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Int. J. Plant Sci. 172(7):915–934. 2011. Ó 2011 by The University of Chicago. All rightsreserved. 1058-5893/2011/17207-0008$15.00 DOI: 10.1086/660913
PHYLOGENETICS, MORPHOLOGY, AND EVOLUTION OF THE LARGE GENUS MYRCIA S.L. (MYRTACEAE)
Eve J. Lucas,1 ,*,y Kazue Matsumoto,z Stephen A. Harris,§ Eimear M. Nic Lughadha,* Benedetta Benardini,* and Mark W. Chasey
*Herbarium, Royal Botanic Gardens, Kew, Richmond, Surrey TW9 3AB, United Kingdom; yJodrell Laboratory, Royal Botanic Gardens, ˆKew, Richmond, Surrey TW9 3DS, United Kingdom; zDepartamento de Botanica, Instituto de Biologia, Universidade Estadual de Campinas, Caixa Postal 6109, Campinas, 13083-970 Sao Paulo, Brazil; and §Department of Plant Sciences, ˜ University of Oxford, South Parks Road, Oxford OX1 3RB, United Kingdom
Phylogenetic relationships of Myrcia s.l., the most species-rich tree genus in the Brazilian cerradoand Atlantic forests, are reconstructed by analysis, with parsimony and Bayesian inference, of four plastid regions (psbA-trnH intergenic spacer, trnL intron, trnL-F intergenic spacer, and matK exon) and the external and internal transcribed spacer regions of nuclear ribosomal DNA. The resulting phylogenetic hypothesis is evaluated in conjunction with key morphological characters and abioticfactors suggested to have inﬂuenced the group’s current distribution. Some lineages identiﬁed by previous classiﬁcations are supported; others with morphological and/or ecological correspondence are recognized for the ﬁrst time. Sequence divergence levels provide good resolution of relationships within but not between the main clades of Myrcia s.l. The previously recognized genera Calyptranthes andGomidesia are shown to be monophyletic, whereas Marlierea is shown not to be; all are nested within paraphyletic Myrcia. A new subgeneric classiﬁcation is required. An interpretation of the origins of Myrcia s.l. and potential causes of speciation in the group is made on the basis of recently published data and accepted geological events. Keywords: biogeography, Brazil, cerrado, Mata Atla ˆntica,South America.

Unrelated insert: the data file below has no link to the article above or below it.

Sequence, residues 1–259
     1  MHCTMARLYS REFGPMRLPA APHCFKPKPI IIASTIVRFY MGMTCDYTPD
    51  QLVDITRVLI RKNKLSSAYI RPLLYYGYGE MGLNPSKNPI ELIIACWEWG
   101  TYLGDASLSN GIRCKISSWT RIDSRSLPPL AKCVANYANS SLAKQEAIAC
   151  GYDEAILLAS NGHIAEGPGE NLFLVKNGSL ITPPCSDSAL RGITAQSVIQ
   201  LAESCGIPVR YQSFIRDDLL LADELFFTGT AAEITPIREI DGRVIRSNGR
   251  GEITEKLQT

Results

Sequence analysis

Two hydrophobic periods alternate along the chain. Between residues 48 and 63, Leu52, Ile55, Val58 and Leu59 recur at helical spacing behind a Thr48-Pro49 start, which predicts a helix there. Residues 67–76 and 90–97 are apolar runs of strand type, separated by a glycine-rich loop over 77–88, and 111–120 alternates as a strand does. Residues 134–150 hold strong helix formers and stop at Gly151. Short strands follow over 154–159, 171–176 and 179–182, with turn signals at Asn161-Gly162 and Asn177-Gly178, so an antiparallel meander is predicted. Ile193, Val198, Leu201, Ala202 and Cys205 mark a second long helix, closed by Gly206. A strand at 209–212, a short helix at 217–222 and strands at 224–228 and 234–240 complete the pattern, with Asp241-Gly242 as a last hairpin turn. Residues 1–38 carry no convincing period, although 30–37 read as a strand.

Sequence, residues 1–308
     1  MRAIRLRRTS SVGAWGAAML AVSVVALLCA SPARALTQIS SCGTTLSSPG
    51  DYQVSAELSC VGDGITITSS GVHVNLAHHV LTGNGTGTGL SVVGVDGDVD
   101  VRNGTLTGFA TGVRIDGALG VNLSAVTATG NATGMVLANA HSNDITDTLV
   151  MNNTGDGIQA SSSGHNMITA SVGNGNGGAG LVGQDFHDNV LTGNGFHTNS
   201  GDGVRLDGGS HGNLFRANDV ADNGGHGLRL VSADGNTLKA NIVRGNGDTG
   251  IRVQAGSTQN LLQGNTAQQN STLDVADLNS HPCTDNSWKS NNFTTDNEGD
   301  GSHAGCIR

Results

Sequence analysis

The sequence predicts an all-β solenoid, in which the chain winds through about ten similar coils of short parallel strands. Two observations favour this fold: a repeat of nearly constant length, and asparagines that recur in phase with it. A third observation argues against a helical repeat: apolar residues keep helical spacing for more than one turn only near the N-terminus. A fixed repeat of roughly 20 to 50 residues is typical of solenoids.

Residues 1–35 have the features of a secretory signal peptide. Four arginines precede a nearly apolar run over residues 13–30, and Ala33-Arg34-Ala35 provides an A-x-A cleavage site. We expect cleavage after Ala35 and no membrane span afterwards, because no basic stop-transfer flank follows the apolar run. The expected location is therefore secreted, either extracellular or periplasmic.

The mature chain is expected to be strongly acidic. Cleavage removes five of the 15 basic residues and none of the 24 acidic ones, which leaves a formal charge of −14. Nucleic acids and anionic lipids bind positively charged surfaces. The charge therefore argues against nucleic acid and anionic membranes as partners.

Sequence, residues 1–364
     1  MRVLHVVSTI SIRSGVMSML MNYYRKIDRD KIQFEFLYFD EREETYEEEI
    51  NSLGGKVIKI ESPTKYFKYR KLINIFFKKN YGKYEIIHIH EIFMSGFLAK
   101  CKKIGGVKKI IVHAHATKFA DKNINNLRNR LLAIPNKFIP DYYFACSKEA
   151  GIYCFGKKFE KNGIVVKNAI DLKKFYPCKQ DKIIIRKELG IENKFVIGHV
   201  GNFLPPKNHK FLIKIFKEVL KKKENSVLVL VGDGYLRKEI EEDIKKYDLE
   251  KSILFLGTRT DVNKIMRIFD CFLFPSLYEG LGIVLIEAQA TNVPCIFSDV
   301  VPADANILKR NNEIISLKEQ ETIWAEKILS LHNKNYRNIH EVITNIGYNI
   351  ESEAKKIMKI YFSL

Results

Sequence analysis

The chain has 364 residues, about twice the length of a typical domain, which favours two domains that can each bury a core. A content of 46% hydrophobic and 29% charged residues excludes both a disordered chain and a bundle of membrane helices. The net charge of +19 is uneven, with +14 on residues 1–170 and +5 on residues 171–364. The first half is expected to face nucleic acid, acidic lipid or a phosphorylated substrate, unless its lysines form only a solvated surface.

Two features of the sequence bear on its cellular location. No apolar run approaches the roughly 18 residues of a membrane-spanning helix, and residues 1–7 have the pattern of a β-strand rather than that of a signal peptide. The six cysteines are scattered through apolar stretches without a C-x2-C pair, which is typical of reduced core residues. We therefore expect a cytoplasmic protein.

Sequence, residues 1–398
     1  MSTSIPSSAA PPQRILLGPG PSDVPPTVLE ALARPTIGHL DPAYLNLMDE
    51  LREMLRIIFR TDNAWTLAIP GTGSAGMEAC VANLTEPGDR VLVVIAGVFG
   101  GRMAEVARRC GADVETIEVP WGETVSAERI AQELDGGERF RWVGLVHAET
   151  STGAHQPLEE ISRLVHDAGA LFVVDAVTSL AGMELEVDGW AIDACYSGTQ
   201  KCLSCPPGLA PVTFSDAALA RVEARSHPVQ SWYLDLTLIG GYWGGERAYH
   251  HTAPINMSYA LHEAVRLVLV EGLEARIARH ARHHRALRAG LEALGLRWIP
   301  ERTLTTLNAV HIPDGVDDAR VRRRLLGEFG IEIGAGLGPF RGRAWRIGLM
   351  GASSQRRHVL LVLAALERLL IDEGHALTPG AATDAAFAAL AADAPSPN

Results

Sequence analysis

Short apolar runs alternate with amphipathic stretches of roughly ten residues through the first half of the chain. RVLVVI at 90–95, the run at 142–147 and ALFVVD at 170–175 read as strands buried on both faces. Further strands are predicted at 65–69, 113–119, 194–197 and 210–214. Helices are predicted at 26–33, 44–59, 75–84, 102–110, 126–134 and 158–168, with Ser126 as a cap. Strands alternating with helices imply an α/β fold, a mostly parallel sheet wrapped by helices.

All Neotropical Myrtaceae except the monospeciﬁc genus Tepualia belong to the exclusively ﬂeshy-fruited tribe Myrteae (sensu Wilson et al. 2005). Myrteae can be divided into nine informal groups based on well-supported clades (Lucas et al. 2007). One of these groups, the ‘‘Myrcia group’’ or Myrcia s.l., is deﬁned by its foliaceous cotyledons and soft seed coat,combined with bi- or trilocular ovaries containing two ovules and inﬂorescences usually in panicles. This group equates to the ‘‘principal group’’ referred to by de Candolle (1828) and later published by Berg (1855–1856, 1857–1859) as subtribe Myrcioideae, which was modiﬁed by nomenclatural rules to Myrciinae. The number of genera commonly assigned to Myrcia s.l. has ﬂuctuated over time (table 1),...